ENGS/PHYS 100:  Objectives & Expectations



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COURSE OBJECTIVES

 

This course will facilitate your ability to:

 

-         Analyze analytic functions; find complex roots of algebraic equations; and evaluate integrals using contour integration in the complex plane and the calculus of residues;

-         Transform operators and basis vectors in finite dimensional vector spaces; orthogonalize basis vectors; and solve finite dimensional eigenvalue problems;

-         Characterize linear, second order, ordinary differential equations in terms of their singular points; use the method of Frobenius to obtain series solutions to such equations and evaluate the radius of convergence of the series solution; and use the method of Green’s functions to solve the nonhomogeneous problem;

-         Recognize and solve Sturm-Liouville problems and develop solutions to them in terms of eigenfunction expansions in Hilbert space;

-         Analyze solutions that can be represented in terms of the classical special functions and orthogonal polynomials;

-         Use integral transforms to solve differential and simple integral equations.

 

 

EXPECTATIONS

 

To meet these objectives you should plan to attend lectures, do all homework problems and review the lecture material, course handouts, homework solutions, and the appropriate sections of the textbook in studying for the midterm and final examinations. The course instructor and teaching assistant are available to help you master this material.

 

EVALUATION

 

The course grade is based on performance on homework and examinations with the following weights:

 

Weekly Homework

50%

Midterm Exam

25%

Final Exam

25%

 

HONOR PRINCIPLE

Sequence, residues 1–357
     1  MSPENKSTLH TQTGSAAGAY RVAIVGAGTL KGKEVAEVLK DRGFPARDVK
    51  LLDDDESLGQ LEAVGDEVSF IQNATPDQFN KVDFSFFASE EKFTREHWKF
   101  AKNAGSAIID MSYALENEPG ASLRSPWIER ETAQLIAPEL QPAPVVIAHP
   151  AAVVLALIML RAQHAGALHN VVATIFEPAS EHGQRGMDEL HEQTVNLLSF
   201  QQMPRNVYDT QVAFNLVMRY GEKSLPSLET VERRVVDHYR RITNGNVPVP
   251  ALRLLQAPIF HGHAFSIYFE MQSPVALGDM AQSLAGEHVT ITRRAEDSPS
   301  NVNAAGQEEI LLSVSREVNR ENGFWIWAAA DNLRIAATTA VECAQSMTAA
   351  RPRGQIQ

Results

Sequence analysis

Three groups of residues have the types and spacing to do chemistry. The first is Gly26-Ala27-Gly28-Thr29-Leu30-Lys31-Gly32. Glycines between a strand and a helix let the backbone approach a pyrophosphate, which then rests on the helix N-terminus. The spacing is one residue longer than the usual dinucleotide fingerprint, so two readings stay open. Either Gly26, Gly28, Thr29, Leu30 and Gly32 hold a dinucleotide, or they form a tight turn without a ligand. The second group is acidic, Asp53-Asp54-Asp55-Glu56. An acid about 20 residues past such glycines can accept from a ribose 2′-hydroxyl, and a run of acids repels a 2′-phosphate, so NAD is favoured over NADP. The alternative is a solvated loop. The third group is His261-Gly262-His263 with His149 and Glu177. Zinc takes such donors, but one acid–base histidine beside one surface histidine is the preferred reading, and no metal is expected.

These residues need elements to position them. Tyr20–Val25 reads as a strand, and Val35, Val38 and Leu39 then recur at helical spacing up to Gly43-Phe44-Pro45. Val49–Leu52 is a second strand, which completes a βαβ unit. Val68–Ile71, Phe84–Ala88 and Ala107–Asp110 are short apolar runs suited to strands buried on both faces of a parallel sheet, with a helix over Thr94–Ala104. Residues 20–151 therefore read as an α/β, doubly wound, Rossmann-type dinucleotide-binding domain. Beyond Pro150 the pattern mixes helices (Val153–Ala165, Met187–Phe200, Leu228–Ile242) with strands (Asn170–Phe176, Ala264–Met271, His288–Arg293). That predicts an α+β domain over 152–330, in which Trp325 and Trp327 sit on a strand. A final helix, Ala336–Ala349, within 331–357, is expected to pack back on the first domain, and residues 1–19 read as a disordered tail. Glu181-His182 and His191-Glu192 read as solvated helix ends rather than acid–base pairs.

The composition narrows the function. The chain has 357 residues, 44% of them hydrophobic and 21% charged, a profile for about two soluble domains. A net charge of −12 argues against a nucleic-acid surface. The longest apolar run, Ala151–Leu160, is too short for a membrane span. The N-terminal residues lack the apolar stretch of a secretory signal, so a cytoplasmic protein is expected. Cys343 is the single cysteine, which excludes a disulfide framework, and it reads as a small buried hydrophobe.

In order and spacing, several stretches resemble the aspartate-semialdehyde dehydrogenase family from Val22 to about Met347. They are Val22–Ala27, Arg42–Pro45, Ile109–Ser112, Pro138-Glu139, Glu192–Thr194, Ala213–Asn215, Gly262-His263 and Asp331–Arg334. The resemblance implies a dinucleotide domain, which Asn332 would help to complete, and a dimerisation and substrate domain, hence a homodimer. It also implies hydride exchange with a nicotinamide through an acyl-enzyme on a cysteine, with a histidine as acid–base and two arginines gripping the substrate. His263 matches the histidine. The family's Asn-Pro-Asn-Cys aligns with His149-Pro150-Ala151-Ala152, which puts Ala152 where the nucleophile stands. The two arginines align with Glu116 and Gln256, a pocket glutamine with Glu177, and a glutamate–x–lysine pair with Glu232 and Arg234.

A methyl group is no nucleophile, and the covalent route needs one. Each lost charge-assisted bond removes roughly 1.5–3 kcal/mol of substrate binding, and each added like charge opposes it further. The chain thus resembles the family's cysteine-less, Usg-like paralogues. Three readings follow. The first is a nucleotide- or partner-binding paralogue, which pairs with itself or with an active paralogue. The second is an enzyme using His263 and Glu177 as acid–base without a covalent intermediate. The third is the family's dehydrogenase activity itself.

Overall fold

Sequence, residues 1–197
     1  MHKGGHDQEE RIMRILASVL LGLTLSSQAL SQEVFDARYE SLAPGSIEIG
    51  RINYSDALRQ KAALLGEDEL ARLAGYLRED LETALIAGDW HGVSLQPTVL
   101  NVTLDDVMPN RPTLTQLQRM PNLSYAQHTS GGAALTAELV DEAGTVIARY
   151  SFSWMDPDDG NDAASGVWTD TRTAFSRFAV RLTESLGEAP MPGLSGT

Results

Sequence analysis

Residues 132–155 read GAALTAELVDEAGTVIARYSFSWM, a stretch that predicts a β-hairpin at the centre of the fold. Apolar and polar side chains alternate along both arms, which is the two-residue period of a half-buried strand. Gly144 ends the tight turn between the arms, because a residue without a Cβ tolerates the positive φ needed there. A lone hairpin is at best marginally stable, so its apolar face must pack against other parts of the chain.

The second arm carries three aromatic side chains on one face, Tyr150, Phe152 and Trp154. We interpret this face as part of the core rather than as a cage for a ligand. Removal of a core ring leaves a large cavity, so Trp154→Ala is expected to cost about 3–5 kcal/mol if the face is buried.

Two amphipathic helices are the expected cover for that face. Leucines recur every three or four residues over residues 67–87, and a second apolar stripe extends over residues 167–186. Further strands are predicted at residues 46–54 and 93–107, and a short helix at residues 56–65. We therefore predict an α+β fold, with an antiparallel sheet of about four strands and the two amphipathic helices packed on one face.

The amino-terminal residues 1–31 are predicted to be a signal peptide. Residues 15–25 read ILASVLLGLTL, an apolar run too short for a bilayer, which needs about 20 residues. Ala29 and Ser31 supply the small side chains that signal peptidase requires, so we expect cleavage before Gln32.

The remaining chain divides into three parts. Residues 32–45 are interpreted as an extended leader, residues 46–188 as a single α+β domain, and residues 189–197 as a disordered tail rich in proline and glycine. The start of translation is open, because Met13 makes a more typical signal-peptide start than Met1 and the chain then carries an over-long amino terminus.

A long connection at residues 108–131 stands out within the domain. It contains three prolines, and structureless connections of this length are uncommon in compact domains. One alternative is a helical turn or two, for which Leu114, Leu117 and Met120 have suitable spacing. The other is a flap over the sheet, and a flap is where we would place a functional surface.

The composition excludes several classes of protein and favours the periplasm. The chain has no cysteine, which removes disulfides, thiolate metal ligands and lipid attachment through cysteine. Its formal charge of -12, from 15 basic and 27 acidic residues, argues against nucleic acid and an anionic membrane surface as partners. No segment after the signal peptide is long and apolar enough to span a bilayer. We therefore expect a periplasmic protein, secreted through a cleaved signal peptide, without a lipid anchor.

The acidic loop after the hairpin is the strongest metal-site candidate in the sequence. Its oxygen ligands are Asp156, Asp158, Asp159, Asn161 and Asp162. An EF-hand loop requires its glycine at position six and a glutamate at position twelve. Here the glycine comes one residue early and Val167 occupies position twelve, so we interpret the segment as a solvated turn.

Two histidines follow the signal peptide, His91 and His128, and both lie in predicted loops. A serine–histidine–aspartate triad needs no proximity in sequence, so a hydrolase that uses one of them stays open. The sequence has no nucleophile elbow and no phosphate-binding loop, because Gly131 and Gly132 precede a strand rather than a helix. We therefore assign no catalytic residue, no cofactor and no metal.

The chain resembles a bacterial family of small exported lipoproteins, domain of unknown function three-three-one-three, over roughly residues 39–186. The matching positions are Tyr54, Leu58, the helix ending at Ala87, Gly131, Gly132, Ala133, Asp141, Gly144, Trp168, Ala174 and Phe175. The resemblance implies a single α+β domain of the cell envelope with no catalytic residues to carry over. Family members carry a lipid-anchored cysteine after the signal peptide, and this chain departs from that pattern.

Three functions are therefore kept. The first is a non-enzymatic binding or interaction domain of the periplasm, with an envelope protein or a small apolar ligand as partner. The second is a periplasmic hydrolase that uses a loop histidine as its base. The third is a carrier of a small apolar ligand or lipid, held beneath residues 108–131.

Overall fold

You need to ensure that the written works reflect only your efforts  and that you reference all sources using the methods described in the Dartmouth circular, Sources: Their Uses and Acknowledgement (please read this document carefully). In reference to the homework in ES/P 100, the following principles apply: You are free to exchange ideas about problems with other students in the class – indeed, I encourage you to do so whenever the need arises – but the work you hand-in must be basically your own, i.e., you must work out all the details by yourself. If you have consulted with others or have found a similar problem solved in another source, you must acknowledge the source of information used to develop your solution. You will not be penalized for doing so, and it serves as protection against charges of plagiarism.

 

STUDENTS WITH DISABILITIES

 

Students with disabilities, including invisible disabilities like chronic diseases, learning disabilities, and psychiatric disabilities, are encouraged to discuss with the course director after class or during office hours appropriate accommodations that might be helpful to them.

 

The Academic Skills Center retains information on how professors can help students with certain disabilities and keeps documentation on file of students with disabilities. If you have a disability that you think will impede your performance in this class, the Student Disabilities Coordinator, Nancy Pompian, phone extension 6-2014, can help you assess the need for appropriate accommodations.